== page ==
File it under “Ironic.” A Chicago attorney whose firm specializes in filing class-action lawsuits is being sued by a group of six women who say he sexually harassed them.
They accuse Paul Weiss, partner in the law firm Freed & Weiss, of making inappropriate comments and propositioning them.
One former employee claims Weiss homed in on her shortly after she started working at the firm, complimenting her on her appearance and even suggesting she wear a swimsuit to the office. When she demurred, she claims Weiss persisted, frequently asking her to take off her blouse and offering her money to “do him favors.”
She resigned in December 2010 after claiming Weiss made “constant and intolerable” comments to her. Weiss claims the firm had already decided to terminate the woman when she resigned, and the sexual harassment claims are a smokescreen to cover her. He was silent on the motivations of the other women who joined the lawsuit.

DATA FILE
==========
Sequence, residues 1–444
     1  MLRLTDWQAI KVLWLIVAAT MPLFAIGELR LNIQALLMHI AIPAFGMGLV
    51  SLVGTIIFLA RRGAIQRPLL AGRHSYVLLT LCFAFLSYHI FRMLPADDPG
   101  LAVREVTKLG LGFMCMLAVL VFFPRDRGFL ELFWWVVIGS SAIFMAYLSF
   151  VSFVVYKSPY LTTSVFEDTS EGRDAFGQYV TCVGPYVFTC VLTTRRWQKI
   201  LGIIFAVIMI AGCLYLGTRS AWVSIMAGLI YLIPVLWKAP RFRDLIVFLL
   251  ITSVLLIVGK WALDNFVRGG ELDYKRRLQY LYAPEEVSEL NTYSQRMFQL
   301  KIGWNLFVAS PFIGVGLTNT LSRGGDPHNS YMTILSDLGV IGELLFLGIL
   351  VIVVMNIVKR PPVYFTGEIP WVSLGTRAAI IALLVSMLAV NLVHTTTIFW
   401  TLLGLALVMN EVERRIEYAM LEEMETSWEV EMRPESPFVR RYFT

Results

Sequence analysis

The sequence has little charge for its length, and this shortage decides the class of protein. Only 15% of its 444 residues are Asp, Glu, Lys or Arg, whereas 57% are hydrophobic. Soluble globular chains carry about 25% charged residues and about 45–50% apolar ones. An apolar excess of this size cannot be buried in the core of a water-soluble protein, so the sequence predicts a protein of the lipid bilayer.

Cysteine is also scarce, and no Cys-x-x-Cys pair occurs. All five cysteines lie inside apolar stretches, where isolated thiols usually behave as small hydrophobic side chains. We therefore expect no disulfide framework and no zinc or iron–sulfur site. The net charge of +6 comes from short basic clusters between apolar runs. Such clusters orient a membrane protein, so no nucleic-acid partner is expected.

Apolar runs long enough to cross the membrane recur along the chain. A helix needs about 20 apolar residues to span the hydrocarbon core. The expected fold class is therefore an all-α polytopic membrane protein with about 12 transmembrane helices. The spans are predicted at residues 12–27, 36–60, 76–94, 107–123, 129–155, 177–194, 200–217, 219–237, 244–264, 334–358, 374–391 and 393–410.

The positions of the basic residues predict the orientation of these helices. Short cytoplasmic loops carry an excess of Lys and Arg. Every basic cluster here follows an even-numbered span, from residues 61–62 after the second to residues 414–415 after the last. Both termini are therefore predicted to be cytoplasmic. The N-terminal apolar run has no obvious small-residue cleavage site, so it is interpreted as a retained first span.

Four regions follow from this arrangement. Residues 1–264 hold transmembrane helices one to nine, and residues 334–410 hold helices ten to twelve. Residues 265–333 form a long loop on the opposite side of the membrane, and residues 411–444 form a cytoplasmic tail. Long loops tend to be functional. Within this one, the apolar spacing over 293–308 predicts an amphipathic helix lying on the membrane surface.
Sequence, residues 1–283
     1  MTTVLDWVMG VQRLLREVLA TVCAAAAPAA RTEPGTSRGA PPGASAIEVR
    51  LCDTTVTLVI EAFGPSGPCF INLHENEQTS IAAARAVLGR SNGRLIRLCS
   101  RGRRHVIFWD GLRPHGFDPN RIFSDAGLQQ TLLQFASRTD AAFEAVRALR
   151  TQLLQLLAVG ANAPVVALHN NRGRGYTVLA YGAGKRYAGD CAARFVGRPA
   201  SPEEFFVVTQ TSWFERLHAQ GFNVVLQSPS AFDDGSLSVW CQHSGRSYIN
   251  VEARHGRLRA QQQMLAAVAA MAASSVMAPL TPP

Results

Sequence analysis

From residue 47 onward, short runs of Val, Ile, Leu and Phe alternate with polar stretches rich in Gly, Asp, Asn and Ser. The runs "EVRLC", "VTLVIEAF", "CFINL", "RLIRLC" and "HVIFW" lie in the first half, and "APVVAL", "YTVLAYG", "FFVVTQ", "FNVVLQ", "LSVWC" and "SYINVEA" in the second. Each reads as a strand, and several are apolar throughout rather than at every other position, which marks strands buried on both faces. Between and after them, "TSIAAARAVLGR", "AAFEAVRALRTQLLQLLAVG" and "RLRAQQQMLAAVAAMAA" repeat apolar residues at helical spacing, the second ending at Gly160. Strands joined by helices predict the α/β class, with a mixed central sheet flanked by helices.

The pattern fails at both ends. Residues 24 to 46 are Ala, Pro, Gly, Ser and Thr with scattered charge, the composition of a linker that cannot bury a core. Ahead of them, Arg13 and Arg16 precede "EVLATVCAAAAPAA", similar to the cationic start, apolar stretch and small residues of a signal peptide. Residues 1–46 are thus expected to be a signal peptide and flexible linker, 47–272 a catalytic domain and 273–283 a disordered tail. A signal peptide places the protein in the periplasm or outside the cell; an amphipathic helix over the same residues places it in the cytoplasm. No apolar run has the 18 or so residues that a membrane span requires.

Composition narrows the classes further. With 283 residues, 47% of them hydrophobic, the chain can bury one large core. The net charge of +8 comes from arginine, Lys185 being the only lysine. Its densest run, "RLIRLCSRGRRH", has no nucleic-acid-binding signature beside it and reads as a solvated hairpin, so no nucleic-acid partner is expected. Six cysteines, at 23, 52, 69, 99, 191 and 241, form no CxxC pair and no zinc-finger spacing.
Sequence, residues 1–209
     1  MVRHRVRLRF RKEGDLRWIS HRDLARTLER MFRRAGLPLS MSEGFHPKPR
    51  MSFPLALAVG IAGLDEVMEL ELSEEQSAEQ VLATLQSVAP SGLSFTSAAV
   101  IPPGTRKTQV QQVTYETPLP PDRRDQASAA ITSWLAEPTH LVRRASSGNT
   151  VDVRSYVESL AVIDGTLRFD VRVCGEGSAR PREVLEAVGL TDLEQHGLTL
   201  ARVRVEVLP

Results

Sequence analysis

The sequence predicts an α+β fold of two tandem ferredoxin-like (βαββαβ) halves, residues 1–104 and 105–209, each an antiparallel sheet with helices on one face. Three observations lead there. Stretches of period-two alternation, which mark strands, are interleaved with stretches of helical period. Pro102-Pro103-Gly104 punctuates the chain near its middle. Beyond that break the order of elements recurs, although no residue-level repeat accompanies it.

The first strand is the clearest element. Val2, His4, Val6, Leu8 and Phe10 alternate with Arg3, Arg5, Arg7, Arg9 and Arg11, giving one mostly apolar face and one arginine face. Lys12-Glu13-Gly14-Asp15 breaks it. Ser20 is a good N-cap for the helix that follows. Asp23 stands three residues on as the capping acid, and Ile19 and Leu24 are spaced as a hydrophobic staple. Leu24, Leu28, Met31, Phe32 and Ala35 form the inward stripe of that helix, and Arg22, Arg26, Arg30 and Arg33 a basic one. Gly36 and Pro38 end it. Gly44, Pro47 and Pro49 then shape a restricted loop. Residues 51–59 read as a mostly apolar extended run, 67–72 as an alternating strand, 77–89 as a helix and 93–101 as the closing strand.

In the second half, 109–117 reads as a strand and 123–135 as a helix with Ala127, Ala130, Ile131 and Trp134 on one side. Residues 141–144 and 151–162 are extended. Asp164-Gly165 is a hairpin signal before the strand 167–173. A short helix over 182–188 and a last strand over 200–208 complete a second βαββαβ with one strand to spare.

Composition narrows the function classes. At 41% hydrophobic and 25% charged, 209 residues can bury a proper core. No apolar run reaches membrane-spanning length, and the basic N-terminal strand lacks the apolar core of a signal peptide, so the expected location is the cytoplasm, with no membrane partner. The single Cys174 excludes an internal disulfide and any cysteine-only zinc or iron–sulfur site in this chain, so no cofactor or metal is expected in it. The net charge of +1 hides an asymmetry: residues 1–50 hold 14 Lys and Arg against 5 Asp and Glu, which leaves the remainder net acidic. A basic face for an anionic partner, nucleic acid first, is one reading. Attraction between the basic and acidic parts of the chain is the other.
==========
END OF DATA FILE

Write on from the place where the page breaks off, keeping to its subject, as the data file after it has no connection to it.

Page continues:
Note: Once an employee is accused of sexual harassment, the lingering charges make the employee a target. Employers have an obligation to quickly and fairly investigate sexual harassment charges and either exonerate or discipline the employee. Either result limits employer liability if the alleged victim decides to sue.
- Where there's smoke, there's fire ... or, in some cases, no hire
- Firing a troublemaker? Focus on concrete business reasons
- Applicant has solid work history? That's a legitimate reason for promotion
- HR investigations must go beyond supervisor suggestions
- When push comes to shove, no retaliation unless protected right was violated first